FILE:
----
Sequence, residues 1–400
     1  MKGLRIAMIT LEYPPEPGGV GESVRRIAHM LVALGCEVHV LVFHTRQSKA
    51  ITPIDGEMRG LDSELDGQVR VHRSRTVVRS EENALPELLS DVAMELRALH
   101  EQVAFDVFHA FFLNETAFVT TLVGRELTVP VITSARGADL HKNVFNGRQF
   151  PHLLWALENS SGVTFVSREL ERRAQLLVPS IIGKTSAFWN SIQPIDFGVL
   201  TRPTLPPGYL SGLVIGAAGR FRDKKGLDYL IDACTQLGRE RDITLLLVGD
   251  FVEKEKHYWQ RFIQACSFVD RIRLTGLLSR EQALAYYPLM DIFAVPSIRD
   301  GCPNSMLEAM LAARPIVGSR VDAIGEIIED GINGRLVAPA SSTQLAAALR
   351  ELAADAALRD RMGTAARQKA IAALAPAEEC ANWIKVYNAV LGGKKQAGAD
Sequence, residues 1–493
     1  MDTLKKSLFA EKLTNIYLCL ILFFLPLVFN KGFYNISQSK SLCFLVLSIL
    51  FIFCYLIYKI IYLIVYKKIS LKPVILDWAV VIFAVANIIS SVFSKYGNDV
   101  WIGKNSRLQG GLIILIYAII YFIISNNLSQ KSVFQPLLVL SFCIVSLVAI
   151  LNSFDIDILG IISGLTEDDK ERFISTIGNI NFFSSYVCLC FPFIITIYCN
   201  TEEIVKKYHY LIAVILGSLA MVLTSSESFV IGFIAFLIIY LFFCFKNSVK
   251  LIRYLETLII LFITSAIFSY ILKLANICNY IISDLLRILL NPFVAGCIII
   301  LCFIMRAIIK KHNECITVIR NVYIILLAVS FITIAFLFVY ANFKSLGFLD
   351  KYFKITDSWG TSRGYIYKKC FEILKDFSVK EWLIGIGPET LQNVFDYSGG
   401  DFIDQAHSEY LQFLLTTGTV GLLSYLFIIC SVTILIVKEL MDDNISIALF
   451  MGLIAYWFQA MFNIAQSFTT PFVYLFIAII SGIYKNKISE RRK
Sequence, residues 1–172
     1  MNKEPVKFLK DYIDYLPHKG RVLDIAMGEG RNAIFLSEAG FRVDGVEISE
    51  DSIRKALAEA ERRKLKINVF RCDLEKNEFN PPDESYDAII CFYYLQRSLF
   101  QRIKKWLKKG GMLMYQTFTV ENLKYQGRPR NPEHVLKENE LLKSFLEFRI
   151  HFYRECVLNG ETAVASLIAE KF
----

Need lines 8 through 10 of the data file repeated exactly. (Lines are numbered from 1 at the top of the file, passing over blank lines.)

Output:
   301  GCPNSMLEAM LAARPIVGSR VDAIGEIIED GINGRLVAPA SSTQLAAALR
   351  ELAADAALRD RMGTAARQKA IAALAPAEEC ANWIKVYNAV LGGKKQAGAD
Sequence, residues 1–493